We learned that we love MiiVerse. And in HRM, we’ve added a similar doodling feature so you can label things in your office with drawings and scribbles, like this.

Were you pleased with how Little Inferno’s performance on Wii U from a sales perspective? Did the game’s reception encourage you to bring Human Resource Machine to the eShop?

The Wii U was a perfect platform for Little Inferno, and sold well! All three of us have been Nintendo fans since we were kids, and so bringing our games to Nintendo consoles is also a nostalgic decision as well as a business one.

Will Human Resource Machine take advantage of Wii U in any particular ways? Are there plans to use functionality such as off-TV play or Miiverse?

We’re big fans of off-TV play. TV’s are so hard to use. Does it have the right input source selected? Is it on channel 3? Is the VCR passing the signal through? Is the aspect ratio preserved? Is the frame rate multiplier disabled? Ugh TV’s. So, yes, Human Resource Machine is fully playable on the GamePad all by itself, just like Little Inferno was. We also discovered that the stylus is a perfect input device for this game – I wish I had one on my laptop!

It seems like there is far more of a tight­knit community of indie developers for the Wii U and 3DS then there is on comparable systems. Why would you say this is?

It takes a weird kind of developer to make a game that fits on a Nintendo platform – the kind of semi-functional adult who can find silly fun in anything, or dig a hole and find a whole world in there, or stare up into the sky with big sparkly eyes because everything’s just so amazing – like a bunch of kids who don’t want to grow up. So maybe we’ve got that in common with other developers and other Nintendo fans.

Little Inferno not only impressed Nintendo enough to help localize it for the Japanese market, but to also feature it in one of their Nintendo Directs. How does Nintendo support developers in a way that makes it stand out from other platforms?

Other platforms are becoming more and more automated, but we still work with real humans at Nintendo. One day all employees at Nintendo might be replaced with robots too, or mushrooms, but until then, we enjoy the human touch.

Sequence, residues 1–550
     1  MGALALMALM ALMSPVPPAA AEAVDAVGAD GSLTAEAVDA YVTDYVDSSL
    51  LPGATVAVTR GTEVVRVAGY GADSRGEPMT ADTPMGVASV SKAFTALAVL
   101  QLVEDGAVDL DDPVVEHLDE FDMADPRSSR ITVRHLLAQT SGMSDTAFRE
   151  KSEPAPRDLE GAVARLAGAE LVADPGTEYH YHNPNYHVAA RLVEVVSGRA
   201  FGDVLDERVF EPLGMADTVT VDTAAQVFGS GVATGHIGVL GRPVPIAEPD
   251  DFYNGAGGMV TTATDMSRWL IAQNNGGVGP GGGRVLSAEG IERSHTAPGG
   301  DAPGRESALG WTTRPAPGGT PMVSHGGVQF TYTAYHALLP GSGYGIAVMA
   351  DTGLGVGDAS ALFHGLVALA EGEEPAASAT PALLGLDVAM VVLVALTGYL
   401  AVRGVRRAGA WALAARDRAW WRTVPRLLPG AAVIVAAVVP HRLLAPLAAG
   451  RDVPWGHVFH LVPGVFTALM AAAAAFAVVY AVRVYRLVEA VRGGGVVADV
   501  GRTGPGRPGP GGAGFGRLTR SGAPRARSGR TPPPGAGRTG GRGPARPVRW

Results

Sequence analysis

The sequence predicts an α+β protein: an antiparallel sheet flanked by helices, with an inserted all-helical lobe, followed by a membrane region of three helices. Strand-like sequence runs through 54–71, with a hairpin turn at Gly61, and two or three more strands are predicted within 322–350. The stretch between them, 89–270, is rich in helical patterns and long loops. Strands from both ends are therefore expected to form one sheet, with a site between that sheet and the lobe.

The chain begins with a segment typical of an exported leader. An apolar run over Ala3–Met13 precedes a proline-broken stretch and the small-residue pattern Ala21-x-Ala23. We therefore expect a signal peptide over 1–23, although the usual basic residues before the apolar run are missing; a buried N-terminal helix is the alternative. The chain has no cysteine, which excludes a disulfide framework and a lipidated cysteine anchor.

What are the struggles of being a small, three­-person team trying to compete against larger studios for space on platforms like the eShop and Steam? What are some of the advantages?

We’ve never felt our three-person team had any chance of competing with big studios, like a little rowboat colliding with a barge or something, so we try and paddle another direction to explore different stuff. These days, though, it seems like everyone is making an indie game on the side, and we have to try and stand out among hundreds of talented people releasing creative games every day like “I am Alone and Nobody Understands or Has Felt This Way That Is Unique To Me: The Game” or “Dolphin Punch Simulator 3000” – it’s tough to compete with that!

What does the future hold for Tomorrow Corporation? Do you have any ideas for future projects?

We just hope players have as much fun with Human Resource Machine as we have! Responsible people who like doing homework, creative problem solvers, fans of Star Trek, parents of slightly autistic kids, Art History and French Literature majors who want to stay relevant when the robots come, try Human Resource Machine! You will be put to good use.

Massive thanks to Kyle Gabler for participating in our interview and answering our questions!